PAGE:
Finding qualified leads

Finding leads and qualified prospects in the relationship economy

Finding qualified leads starts with having reliable sources. Here’s where to start looking!

Finding qualified leads

There are lots of online directories, tools and resources that can help provide insightful prospect data. But with so many options available, it may be hard to know where to start. For busy business owners, it can be particularly important to maximize the time spent finding leads.

Here are five places you can source qualified prospects for your pipeline.

1. LinkedIn Sales Navigator 

LinkedIn Sales Navigator uses the power of its 500-million-member network to help sales professionals find and build relationships with prospects and clients. 

They have advanced search tools like job title, industry, location, and more to help your team find and connect with ideal prospects through social selling. Best of all, Sales Navigator can be connected with many CRMS (such as HubSpot) giving you an extra layer of insights into your existing customers and potential leads.

2. Dedicated prospecting platforms

There are plenty of paid prospecting tools that can help you secure decision-makers’ email addresses, phone numbers, job titles and so much more. Tools like VoilaNorbert and ZoomInfo can help your sales reps get accurate contact info and reach your potential prospects quicker. 

The great thing about these prospecting tools is that they’re designed to support your sales reps in the relationship economy. They usually have features to help start conversations, schedule follow-ups, track conversions and more. 

3. Twitter

Did you know that a report by Statista showed that 67% of B2B businesses use Twitter as a digital marketing tool?

Beyond being a helpful ticker for industry news, Twitter has an excellent advanced search feature. 

It allows you to search for keywords, exact phrases or exclude certain words from your search. You can also search for high-intent hashtags that might reflect interest in your company’s area of expertise, such as #productnames, #manufacturinggoods, #events and #geographiclocations. (Naturally, replace these words with hashtags that match your business opportunities.)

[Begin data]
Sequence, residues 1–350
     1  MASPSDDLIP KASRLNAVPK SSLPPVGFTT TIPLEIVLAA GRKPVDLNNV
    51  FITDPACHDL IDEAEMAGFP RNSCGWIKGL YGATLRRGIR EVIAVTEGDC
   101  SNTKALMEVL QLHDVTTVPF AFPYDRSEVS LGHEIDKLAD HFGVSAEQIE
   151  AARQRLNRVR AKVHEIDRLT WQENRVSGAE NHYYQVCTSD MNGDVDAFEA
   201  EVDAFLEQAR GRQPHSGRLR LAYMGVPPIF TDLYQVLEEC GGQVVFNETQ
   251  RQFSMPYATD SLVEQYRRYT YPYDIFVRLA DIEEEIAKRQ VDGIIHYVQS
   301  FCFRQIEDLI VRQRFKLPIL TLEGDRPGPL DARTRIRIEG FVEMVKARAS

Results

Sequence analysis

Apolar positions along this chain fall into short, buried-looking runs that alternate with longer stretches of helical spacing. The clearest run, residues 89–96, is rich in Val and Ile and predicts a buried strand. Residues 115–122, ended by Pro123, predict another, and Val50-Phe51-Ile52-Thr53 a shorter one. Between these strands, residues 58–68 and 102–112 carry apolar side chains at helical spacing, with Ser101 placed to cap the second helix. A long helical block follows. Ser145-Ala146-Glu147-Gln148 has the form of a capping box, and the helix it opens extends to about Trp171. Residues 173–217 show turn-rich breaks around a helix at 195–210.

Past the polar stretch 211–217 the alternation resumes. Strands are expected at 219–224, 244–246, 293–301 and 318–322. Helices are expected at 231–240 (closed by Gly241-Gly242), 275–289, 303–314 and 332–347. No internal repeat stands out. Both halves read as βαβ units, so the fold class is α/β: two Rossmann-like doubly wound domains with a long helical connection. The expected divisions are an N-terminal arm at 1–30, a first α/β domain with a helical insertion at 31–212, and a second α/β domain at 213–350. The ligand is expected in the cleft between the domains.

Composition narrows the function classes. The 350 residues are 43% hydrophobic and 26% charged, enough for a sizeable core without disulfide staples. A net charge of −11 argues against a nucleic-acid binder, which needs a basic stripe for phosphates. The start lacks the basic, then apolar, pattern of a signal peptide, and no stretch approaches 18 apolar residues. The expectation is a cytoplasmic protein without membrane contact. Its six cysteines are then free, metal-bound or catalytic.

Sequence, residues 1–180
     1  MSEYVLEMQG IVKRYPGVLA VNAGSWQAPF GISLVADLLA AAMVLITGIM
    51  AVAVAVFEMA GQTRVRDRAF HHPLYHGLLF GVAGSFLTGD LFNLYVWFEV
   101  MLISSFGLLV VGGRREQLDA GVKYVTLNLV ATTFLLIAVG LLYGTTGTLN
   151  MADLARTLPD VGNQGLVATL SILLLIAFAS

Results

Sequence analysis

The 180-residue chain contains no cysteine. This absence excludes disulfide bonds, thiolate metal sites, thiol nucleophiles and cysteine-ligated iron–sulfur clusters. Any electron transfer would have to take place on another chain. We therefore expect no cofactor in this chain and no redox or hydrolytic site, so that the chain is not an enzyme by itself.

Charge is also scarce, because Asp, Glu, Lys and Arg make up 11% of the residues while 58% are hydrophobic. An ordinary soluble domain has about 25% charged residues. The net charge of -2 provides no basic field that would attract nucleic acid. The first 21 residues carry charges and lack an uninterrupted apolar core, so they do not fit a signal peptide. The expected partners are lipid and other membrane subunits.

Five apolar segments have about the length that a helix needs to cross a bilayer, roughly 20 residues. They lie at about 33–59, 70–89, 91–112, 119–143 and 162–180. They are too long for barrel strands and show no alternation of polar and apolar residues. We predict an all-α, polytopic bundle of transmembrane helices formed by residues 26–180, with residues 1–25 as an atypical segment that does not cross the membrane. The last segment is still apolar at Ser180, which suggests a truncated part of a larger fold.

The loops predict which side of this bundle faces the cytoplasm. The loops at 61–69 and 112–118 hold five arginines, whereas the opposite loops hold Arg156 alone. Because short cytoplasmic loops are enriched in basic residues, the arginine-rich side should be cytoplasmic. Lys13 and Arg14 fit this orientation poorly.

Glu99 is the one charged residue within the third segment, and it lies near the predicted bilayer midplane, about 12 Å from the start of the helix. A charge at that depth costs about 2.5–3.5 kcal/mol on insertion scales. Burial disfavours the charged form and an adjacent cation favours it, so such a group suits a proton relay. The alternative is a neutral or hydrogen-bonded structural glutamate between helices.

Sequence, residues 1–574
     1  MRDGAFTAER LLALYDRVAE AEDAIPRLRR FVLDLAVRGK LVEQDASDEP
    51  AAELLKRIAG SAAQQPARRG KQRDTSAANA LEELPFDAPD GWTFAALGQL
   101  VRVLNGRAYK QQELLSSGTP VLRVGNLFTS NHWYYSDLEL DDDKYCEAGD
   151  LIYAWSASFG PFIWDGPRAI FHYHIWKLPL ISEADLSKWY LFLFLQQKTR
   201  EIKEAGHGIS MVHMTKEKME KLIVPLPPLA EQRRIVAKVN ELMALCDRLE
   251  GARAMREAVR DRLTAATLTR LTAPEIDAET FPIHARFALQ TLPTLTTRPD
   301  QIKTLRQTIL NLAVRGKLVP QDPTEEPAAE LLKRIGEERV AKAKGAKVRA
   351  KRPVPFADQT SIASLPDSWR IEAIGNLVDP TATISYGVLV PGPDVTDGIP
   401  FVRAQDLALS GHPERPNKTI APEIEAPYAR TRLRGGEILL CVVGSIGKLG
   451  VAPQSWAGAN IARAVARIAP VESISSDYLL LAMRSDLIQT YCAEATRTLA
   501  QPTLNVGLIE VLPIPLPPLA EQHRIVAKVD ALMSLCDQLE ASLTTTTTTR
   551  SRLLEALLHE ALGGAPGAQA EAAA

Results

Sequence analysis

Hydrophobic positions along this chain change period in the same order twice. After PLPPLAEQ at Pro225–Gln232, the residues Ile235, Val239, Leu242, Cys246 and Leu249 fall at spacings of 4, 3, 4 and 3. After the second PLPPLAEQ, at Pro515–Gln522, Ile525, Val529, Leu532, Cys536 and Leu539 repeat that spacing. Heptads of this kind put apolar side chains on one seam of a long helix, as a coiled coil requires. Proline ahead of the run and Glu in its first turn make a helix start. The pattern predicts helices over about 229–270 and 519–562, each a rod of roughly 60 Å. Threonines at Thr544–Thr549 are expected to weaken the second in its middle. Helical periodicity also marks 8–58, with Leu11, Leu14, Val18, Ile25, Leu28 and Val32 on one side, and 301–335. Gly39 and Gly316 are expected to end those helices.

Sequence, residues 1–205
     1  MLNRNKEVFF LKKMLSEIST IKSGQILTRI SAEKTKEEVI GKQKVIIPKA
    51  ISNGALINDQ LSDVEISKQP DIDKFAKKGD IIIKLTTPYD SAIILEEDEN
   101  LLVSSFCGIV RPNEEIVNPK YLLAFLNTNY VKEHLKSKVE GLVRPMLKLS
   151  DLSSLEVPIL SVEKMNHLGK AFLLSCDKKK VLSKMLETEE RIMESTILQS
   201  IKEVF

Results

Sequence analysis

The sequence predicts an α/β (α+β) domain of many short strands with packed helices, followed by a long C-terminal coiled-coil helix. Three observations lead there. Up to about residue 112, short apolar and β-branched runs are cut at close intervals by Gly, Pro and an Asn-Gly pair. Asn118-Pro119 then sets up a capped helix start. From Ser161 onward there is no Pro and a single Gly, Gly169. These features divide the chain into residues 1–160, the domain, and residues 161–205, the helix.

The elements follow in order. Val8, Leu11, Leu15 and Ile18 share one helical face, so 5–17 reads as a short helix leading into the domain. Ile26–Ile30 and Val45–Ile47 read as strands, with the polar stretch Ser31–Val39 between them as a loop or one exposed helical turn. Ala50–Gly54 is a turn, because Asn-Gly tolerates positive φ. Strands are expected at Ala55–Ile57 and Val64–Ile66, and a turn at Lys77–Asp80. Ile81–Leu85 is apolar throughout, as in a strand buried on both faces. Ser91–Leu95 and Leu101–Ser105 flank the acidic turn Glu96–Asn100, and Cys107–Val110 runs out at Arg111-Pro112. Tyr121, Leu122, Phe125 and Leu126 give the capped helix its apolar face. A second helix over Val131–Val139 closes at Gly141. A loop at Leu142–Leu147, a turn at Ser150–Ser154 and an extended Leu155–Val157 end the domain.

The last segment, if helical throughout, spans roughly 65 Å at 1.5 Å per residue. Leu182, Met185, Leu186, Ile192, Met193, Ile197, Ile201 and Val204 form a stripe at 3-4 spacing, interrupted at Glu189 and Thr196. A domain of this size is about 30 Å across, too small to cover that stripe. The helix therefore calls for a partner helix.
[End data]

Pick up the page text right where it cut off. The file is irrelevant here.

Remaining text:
Finding qualified leads

4. Job boards

When a company is recruiting for a new role, it might signal that they’re investing in that general area or department. For example, a company looking for a new Head of Accounting may be searching for funding, grants or loans.

By searching job boards, your team can look for listings that match your buyer persona job titles. From there, you can reach out to the role’s hiring manager, who is likely a decision-maker. 

5. Industry publications, networks and associations

Niche trade events and industry associations may be filled with members that fit your ideal client profile. These organizations often list their members, partners, affiliates and other stakeholders on their website. These directories are a quick way to find potential prospects. 

To find these memberships and associations, run a quick Google search such as “best [industry] membership.” You’ll likely get results for nationwide associations, events and organizations.


No matter where you turn to for leads, the most important part of finding great leads is to have a solid sales prospecting process in place.

Up next: Updating your sales prospecting process for the relationship economy